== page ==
The French and Italians jockeyed for supremacy in the high art of reserving deck chairs.  They would scamper out first thing in the morning and put their towel and book on all of the best chairs, ignoring the rule against this selfish act.  When I wanted to sit in a chair, I simply moved the towel on the deck and sat down.  Being an innate rule-follower, if I was confronted, my strategy was to invoke the rule and tell the chair hog to go see the pool butler.  I never had to follow through.

a ppol on a cruise ship
The Pool Deck on the Celebrity Silhouette

The British were continuously getting lost on the ship and loudly arguing among themselves.  I would walk through the restaurant to find my morning allotment of fresh squeezed orange juice to hear the following conversation.

“Where ya goin’ Luv?” said the man.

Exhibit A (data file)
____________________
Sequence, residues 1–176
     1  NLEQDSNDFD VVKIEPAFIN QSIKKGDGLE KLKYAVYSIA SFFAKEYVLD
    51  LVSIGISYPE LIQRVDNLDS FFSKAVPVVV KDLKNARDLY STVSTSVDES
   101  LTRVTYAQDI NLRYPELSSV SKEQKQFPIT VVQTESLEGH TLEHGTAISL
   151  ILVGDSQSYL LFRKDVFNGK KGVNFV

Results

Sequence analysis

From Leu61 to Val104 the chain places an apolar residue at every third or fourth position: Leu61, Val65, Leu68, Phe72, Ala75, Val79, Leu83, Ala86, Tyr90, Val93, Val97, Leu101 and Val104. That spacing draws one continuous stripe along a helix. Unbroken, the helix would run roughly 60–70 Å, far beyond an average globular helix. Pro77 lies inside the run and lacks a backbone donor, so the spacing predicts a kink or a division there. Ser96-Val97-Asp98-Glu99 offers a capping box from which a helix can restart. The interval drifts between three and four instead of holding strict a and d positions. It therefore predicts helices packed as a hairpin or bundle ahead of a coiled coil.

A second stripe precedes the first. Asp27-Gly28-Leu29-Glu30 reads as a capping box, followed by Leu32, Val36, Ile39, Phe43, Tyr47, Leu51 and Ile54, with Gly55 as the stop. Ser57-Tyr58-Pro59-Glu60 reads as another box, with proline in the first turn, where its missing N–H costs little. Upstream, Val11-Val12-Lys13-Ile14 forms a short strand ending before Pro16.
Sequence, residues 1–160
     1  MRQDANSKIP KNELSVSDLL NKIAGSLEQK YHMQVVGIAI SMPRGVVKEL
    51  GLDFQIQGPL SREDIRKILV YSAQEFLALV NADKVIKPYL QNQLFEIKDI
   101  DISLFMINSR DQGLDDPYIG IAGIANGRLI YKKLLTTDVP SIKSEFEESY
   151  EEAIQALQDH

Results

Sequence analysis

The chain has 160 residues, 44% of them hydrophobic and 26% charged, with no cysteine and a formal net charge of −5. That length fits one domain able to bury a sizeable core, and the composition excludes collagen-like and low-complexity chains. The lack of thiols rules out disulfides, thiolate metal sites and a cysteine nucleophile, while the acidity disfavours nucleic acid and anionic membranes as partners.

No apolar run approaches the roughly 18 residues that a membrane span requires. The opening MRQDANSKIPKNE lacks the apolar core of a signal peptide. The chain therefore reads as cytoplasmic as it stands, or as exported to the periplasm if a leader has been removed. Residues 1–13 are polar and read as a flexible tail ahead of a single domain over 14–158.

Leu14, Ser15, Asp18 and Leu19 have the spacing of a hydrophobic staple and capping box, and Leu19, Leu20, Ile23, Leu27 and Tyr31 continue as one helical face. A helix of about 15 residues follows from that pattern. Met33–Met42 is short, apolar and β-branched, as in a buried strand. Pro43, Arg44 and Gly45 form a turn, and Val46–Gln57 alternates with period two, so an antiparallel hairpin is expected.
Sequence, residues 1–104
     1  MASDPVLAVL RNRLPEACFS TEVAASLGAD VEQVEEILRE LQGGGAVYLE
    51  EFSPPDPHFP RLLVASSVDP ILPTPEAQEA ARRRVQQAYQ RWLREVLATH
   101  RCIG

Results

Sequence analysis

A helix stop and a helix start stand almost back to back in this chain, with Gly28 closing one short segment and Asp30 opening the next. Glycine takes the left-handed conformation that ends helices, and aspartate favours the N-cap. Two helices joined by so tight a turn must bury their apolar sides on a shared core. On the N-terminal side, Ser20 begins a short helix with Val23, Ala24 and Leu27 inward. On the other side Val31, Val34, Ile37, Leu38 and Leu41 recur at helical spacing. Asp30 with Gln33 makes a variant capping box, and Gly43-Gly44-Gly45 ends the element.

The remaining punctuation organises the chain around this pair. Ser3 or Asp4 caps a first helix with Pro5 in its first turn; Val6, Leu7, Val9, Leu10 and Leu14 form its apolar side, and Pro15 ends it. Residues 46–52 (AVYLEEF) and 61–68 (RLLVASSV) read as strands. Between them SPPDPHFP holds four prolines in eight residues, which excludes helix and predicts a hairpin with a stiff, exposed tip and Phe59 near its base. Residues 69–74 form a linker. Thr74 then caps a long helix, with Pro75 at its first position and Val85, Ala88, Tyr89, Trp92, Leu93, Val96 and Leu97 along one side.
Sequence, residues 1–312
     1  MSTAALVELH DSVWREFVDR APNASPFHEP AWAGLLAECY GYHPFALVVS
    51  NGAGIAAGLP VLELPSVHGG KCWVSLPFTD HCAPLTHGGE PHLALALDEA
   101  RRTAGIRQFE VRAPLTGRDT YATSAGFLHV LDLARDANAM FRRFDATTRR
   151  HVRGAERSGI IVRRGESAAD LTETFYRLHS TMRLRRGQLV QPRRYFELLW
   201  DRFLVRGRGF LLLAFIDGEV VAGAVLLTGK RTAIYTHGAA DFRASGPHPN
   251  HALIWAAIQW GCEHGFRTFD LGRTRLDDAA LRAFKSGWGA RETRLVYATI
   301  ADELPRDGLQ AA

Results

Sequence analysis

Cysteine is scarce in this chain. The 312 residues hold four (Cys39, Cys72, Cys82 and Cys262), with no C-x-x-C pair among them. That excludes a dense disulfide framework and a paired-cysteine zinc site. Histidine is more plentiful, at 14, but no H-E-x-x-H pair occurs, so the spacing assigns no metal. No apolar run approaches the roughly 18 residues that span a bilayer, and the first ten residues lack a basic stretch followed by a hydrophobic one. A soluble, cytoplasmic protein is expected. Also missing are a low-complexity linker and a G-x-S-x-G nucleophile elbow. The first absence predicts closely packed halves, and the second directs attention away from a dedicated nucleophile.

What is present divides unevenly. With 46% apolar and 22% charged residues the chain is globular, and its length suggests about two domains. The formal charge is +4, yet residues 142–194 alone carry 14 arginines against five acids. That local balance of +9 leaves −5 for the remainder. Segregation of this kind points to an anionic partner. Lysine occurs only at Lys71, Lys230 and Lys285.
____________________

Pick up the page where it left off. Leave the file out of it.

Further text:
“I doan know, I’m looking for me tea,” said the woman. “Café is aft.”

“Yer bloody daft, woman, tis over there.  Can’t you read the signs.  Aft is that way!” said the man.

“Whats yer ass?” she replied.

The captain of the ship is a Greek with a dry sense of humor.  Every time he spoke on the loudspeaker he had some deadpan joke to throw into the daily report.  During the opening night show, he introduced the senior crew members and noted disdainfully that some of them weren’t Greek. He said the officer who was second in command had the responsibility to lead the ship when he went to party.

There was also a smattering of Germans, Russians, and Scandinavians.  However, I saw few passengers who were not white Western Europeans or Americans.